Windbreaks - Design and Construction Considerations
Windbreaks and Forest Zones (WFR). The impact of supertyphoon Megi (Juan), with its double punches of excessive wind forces and massive rain (500-600mm in 24 hours) was highlighted here to emphasize that the windbreaks for tropical countries, like the Philippines must be built with the perspective to address the more unique conditions encountered in wet tropical countries, like the Philippines.
The predominantly long rainy reason (June to November; longer in certain regions or year round in a number of regions) is then followed by at least four (4) months of dry season. However, because of the high temperatures during later stages of the dry season, evapo-transpiration rate exceeds the total rainfall during the first rains of May and even June. The rainy season is also the season for the arrival of a number of typhoons that hit different regions of the Philippines. A longer or more intense rainy reason occurs during the onset of La Niña, while a longer dry occurs during the onset of El Niño. These conditions lead to flash flood, landslides, soil and water erosion during the rainy season, more severely during the onset of La Niña while the potential for drought is quite common during the dry season especially during the onset of El Niño.
Thus, for our EcoCulture projects, the windbreaks zones will be designed beyond what windbreaks are meant for, as outlined in the video. Apart from serving as windbreaks, they will be developed as micro-forest zones (akin to the tropical rainforest ecosystem) within the farm, as well as integral component of our rainwater harvesting and groundwater recharge strategies. These added functions are part of our long term goal to address the question:
How can the excess rainwater during the rainy season be harvested, stored, treated; and, then used during the long dry season for domestic purposes, farm irrigation, livestock husbandry and aquaculture?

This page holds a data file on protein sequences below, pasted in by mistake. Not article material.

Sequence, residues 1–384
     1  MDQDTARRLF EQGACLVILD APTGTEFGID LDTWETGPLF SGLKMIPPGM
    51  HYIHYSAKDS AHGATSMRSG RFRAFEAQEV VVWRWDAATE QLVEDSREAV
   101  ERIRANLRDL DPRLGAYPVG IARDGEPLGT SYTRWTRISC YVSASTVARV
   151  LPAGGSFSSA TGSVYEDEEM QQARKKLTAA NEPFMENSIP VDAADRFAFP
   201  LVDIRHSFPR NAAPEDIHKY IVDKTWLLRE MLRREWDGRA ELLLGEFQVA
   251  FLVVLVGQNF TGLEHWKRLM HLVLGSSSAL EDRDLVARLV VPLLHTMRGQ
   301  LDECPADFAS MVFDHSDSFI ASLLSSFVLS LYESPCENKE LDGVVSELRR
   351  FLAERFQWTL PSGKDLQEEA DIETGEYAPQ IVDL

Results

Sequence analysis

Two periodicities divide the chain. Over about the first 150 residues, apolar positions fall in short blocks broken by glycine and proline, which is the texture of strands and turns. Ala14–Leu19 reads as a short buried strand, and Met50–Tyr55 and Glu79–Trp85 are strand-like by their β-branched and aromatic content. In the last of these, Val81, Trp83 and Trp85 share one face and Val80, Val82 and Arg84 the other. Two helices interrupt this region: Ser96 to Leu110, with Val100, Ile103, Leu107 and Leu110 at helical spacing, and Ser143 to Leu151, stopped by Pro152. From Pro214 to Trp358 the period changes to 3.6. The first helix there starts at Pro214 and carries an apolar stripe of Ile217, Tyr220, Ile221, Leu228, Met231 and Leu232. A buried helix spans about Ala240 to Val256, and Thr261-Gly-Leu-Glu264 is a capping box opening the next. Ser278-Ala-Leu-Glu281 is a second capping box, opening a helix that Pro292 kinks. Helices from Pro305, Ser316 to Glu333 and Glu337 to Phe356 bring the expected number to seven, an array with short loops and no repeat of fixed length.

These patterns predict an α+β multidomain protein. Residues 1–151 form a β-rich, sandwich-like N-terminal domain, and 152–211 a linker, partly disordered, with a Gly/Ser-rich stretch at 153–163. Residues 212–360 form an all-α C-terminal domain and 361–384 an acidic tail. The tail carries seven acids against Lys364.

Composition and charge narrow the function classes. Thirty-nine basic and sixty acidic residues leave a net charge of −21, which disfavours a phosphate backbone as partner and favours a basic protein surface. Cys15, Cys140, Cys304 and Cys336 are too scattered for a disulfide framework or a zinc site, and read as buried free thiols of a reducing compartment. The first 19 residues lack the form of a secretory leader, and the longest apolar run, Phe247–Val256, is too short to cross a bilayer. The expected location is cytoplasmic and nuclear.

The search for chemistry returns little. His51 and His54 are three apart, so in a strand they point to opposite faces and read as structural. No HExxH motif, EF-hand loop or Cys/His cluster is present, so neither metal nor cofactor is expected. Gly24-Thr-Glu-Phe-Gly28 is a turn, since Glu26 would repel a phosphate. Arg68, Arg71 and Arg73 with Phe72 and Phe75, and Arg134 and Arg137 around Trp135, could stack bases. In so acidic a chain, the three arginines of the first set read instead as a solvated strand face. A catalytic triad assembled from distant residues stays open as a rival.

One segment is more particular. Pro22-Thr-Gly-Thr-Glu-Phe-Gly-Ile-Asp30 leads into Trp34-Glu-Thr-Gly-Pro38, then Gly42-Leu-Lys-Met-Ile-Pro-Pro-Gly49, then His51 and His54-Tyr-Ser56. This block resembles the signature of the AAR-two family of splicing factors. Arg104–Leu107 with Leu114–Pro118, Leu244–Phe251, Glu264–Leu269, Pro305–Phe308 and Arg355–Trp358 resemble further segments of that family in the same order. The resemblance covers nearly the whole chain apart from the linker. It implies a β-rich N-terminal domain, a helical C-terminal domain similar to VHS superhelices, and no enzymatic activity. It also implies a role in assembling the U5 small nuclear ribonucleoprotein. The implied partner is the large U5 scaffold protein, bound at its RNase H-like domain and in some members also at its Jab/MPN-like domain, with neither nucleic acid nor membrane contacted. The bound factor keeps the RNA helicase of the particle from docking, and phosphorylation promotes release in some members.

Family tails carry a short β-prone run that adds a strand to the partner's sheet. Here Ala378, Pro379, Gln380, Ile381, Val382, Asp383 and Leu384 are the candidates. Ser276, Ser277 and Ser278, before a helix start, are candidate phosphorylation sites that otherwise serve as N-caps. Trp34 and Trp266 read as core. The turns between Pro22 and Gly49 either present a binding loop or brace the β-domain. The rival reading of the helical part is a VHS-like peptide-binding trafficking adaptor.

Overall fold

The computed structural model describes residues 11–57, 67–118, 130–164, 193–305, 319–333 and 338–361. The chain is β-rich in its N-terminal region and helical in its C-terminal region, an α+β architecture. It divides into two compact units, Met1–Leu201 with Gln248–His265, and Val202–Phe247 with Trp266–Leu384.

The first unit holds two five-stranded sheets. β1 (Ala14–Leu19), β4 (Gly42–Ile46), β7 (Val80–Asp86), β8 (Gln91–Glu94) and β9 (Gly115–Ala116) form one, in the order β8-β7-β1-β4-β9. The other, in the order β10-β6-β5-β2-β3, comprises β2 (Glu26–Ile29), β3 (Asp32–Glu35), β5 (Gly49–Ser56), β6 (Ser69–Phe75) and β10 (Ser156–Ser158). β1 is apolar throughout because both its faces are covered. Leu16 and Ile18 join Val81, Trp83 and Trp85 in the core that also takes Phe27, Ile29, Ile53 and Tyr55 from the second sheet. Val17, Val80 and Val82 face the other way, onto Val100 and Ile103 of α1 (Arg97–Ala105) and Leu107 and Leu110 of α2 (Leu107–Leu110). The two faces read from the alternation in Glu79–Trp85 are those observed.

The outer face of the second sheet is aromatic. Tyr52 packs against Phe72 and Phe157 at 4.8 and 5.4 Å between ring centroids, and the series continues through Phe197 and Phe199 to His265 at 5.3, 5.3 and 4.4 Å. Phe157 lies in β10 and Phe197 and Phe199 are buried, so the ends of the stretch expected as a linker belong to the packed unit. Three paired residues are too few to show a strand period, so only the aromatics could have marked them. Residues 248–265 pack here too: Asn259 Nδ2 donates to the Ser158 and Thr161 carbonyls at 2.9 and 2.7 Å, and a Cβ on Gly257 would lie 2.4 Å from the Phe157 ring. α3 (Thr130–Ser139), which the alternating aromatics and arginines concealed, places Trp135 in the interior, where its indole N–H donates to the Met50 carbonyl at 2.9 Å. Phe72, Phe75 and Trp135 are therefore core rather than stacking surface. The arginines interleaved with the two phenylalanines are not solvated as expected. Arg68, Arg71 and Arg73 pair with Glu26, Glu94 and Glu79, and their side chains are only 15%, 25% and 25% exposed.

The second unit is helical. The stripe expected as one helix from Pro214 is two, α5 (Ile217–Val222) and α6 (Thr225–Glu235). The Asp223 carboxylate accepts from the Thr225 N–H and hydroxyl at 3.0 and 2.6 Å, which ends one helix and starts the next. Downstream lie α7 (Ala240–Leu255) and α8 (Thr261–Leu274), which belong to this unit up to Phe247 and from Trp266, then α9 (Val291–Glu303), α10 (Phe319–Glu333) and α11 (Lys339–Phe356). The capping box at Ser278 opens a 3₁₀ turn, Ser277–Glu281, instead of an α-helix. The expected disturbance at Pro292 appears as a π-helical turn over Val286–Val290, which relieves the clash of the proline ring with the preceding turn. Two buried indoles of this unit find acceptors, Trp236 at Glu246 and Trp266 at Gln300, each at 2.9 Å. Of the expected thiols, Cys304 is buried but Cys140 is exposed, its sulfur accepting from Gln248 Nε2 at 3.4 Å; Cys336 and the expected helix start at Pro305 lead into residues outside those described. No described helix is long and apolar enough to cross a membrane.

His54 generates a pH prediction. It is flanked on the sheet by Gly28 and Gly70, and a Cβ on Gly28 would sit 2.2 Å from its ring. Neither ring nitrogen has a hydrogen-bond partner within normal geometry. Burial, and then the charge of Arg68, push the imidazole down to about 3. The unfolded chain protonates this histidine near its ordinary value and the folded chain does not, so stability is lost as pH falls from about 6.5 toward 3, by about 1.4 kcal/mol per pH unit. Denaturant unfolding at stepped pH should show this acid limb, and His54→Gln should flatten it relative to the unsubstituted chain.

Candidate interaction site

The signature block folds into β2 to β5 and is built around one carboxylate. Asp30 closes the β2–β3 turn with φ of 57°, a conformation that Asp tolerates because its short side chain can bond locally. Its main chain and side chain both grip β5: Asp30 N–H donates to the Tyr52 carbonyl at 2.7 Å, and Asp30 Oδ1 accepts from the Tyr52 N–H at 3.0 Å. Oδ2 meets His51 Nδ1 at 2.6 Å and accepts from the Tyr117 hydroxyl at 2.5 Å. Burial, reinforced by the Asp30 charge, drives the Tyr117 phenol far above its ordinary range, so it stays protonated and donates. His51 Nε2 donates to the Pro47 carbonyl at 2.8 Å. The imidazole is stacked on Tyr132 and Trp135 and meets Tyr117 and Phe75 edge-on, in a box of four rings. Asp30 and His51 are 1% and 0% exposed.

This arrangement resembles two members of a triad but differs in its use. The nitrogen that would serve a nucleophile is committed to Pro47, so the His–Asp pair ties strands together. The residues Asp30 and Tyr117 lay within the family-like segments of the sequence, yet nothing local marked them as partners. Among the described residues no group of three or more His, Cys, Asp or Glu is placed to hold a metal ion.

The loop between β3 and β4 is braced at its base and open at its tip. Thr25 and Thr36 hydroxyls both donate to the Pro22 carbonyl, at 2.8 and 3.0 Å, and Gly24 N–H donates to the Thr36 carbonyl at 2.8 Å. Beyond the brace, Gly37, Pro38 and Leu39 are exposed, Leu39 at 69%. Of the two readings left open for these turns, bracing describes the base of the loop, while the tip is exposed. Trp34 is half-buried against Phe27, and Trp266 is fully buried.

Biodiversity. The proposed Windbreaks and Forest Zones (WFR) will be zones of biodiversity, unlike traditional windbreaks, there will be multiple rows and columns of trees with multiple and varying stories of tree canopies. Ecosystem intensification will include tall trees with under storeys of shade trees, shrubs and vines while the outer rows or columns with be plants of partial shade to sun loving plants, perennials and annuals. Deep rooted trees, shrubs and other plants will help anchor the WFR with thicker leaf plants protecting taller trees from high wind forces at the lower levels. Nitrogen fixing trees and plants will be integrated in the array to help provide nitrogen fertilizer.
Fast growing trees and shrubs will be integrated at the initial stages of the development of the WFR to accelerate its role as a windbreak zone. These fast growing trees will include coppice plants to allow regular and drastic pruning and avoid shading of the slow growing trees that will serve as the anchor (tall) trees in the mature WFR.
Flowering (Fruit bearing) Plants and Trees will provide the nectar and pollen to attract bees, other insects and animals, as well as provide source of food for many birds and animals. In turn, the harvested fruits will provide another source of diversified income for the EcoCultule farm.